Saturday, October 20, 2018

Centralized Admissions for Engineering Colleges in India

Yesterday I had the opportunity to hear Yash Kanoria discuss the implementation and operation of a centralized college admissions system for engineering colleges in India.  It replaces a semi-centralized process that left some seats unfilled (when IIT and non-IIT seats were allocated to the same people).

There are some novel constraints that have to be satisfied, some of which can theoretically present intractable problems, but in practice they don't.

An appendix on history and background is a quick education in Indian education.

Below is a link to the paper, which seems to be a fine example of market design as economic engineering, which solved some important problems and has now operated successfully for several years. There are also problems (e.g. concerning vacancies in non-IITs) left to solve...:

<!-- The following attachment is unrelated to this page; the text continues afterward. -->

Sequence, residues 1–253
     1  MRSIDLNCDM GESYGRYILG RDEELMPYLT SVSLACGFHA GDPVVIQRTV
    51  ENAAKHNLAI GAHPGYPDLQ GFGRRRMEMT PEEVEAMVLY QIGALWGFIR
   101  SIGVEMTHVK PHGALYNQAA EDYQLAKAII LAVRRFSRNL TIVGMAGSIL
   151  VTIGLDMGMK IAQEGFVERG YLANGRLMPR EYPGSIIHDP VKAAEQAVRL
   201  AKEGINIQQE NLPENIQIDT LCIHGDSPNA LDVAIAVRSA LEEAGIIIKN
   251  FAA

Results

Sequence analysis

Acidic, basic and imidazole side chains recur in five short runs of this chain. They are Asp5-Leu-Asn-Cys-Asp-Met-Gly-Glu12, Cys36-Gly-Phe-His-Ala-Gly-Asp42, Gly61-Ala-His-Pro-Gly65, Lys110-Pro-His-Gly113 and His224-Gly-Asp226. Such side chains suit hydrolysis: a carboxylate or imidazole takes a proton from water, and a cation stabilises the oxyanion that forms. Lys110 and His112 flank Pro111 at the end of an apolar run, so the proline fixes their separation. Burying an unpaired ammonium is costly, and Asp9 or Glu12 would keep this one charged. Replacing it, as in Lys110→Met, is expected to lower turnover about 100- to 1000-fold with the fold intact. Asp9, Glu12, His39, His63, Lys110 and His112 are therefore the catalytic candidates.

Centralized Admissions for Engineering Colleges in India
by Surender Baswana, Partha Pratim Chakrabarti, Sharat Chandran, Yashodhan Kanoria, Utkarsh Patange

Abstract We designed and implemented a new joint seat allocation process for undergraduate admissions to over 500 programs spread across 80 technical universities in India, including the prestigious Indian Institutes of Technology (IITs). Our process is based on the well known Deferred Acceptance algorithm, but complex affirmative action seat reservations led us to make a number of algorithmic innovations, including (i) a carefully constructed heuristic for incorporating non-nested common quotas that span multiple programs, (ii) a method to utilize unfilled reserved seats with no modifications to the core software, and (iii) a robust approach to reduce variability in the number of reserved category candidates admitted, while retaining fairness. Our new seat allocation process went live in 2015, and based on its success, including significant and provable reduction in vacancies, it has remained in successful use since, with continuing improvements.

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